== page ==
Night mode improves the reproduction of tonal extremes, shows some detail in the shadows and lower midtones, and also minimizes halos around point light sources. The somewhat stronger sharpening is still within limits. In any case, the color reproduction remains error-free.
The ultrawide camera was a little more inclined to invoke automatic night mode. This is a good idea here too, as the images tend to look dark, soft and noisy without the night mode. Once activated, the images show a greater dynamic range, especially in relation to the shadows. The images are sharper and the noise is polished up by the software.
Here is a comparison between the Galaxy Z Fold4 and one of the best camera phones on the market, the Xiaomi Mi 11 Ultra. While the Xiaomi doesn’t produce any noise, the Fold4 struggles with both dynamics and transitions.
The Fold4’s portrait mode works with the main and telephoto cameras. The triple magnification is recommended thanks to the better perspective on the subject. The quality is good, especially in reasonable lighting conditions, but the processing is also quite adequate in weaker situations. The subject separation is excellent, the bokeh looks natural and HDR works at full speed. The main camera works for wider shots rather than portraits. The image section just fits much worse.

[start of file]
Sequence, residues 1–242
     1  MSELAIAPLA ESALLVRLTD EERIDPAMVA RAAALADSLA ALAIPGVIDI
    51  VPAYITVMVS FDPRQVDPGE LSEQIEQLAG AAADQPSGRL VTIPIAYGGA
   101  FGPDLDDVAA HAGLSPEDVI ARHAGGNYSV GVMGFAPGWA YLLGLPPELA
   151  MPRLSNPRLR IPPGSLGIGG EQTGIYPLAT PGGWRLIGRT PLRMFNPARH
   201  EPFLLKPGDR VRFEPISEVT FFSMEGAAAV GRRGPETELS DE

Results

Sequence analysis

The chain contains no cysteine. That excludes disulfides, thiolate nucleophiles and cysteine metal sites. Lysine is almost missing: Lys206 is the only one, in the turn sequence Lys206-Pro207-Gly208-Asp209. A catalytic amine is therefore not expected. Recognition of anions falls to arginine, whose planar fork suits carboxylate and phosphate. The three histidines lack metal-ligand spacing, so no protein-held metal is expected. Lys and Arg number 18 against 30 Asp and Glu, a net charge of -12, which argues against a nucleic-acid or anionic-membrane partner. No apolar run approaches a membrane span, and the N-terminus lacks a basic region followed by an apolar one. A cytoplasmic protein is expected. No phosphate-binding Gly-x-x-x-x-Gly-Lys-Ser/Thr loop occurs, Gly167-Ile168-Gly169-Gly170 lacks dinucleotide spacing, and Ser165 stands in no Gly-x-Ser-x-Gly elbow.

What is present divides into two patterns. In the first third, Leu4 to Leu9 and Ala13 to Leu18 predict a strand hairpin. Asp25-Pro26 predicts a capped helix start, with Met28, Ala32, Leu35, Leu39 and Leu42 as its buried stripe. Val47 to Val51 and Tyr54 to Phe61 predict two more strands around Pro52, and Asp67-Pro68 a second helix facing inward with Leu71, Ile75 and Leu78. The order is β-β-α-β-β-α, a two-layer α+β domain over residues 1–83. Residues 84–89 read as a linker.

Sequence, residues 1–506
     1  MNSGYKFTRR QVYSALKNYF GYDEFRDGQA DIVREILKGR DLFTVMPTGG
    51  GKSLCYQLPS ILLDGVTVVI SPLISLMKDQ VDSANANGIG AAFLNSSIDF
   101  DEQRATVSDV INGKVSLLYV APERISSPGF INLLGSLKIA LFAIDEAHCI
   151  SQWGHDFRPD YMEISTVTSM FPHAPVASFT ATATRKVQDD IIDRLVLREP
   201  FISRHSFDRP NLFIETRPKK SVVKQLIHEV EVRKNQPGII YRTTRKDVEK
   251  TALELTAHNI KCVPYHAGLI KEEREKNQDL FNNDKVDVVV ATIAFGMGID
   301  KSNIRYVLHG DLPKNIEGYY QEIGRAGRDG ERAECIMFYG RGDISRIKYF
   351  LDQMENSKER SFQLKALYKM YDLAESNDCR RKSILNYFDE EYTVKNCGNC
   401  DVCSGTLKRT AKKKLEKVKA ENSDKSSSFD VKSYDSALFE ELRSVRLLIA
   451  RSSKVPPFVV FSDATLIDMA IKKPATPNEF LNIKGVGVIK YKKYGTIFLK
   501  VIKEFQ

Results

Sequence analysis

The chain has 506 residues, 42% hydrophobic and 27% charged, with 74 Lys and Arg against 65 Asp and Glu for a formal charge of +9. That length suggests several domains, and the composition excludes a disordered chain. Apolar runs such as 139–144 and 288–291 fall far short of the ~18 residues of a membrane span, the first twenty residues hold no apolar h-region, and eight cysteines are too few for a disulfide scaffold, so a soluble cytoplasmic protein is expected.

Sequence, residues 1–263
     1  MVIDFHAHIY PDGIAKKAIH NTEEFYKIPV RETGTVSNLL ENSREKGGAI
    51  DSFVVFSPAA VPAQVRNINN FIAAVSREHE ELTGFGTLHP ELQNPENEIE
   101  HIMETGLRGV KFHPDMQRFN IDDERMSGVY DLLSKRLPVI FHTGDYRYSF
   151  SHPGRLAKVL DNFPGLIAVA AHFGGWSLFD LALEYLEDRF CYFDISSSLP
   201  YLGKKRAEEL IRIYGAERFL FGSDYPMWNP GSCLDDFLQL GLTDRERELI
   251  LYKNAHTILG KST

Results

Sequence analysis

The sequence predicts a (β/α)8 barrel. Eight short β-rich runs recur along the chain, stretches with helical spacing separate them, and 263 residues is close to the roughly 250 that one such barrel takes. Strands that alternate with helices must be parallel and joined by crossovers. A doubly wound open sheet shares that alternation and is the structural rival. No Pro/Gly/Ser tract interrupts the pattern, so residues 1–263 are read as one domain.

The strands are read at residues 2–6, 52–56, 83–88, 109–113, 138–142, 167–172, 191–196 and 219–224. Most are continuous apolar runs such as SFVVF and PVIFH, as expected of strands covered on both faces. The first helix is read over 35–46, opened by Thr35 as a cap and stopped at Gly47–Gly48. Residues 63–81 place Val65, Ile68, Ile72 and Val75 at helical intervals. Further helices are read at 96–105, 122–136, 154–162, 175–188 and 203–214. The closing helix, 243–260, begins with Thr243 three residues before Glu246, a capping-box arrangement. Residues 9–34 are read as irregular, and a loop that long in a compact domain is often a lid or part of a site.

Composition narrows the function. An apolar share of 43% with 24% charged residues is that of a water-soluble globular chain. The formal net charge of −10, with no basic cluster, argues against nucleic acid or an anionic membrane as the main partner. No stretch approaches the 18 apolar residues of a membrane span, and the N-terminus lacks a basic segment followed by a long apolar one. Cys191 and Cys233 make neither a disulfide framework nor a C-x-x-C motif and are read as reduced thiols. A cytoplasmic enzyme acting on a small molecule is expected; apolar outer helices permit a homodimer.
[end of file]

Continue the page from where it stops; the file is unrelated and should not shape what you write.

Selfies with the main camera are one of the great strengths of the Galaxy Z Fold4 – both in portrait format and in normal photo mode, the test produced pleasing results. It is worth emphasizing that the portrait mode also knew how to deal competently with messy hair. We also liked the ultra-wide-angle selfies with the viewfinder. This makes it easy to take selfies with more people or other elements in the picture, although the ultrawide camera’s lack of autofocus limits its usefulness for close-up shots.
If you don’t want to take pictures with the phone open or prefer not to draw attention to your selfie, the front camera is also a good choice. It also lacks autofocus, but this was hardly noticeable in the test. However, the color reproduction is clearly weaker than that of the main cameras. That leaves the under-display camera under the foldable main display. Here the other cameras are technically clearly superior. The 4 megapixel selfies look passable, if more than a little blurry. From our point of view, the only sensible use case is video calls.
The Samsung Galaxy Z Fold4 supports video recordings with a resolution of up to 8K on the main camera – but only with 24 fps, as is usual with Samsungs. Both the main and telephoto lenses shoot 4K 30fps and 4K 60fps videos. The ultrawide, on the other hand, is capped at 4K 30fps. The under-display selfie camera supports 1080p at up to 60 fps. The outer selfie camera goes up to 4K 60fps.